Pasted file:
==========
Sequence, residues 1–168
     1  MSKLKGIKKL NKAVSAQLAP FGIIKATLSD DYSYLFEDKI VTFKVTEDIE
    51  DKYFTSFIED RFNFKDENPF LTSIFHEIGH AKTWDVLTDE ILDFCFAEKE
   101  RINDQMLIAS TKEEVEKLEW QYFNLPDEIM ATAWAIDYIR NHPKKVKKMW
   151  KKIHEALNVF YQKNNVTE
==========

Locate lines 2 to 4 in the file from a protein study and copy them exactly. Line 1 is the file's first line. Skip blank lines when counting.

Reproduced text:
     1  MSKLKGIKKL NKAVSAQLAP FGIIKATLSD DYSYLFEDKI VTFKVTEDIE
    51  DKYFTSFIED RFNFKDENPF LTSIFHEIGH AKTWDVLTDE ILDFCFAEKE
   101  RINDQMLIAS TKEEVEKLEW QYFNLPDEIM ATAWAIDYIR NHPKKVKKMW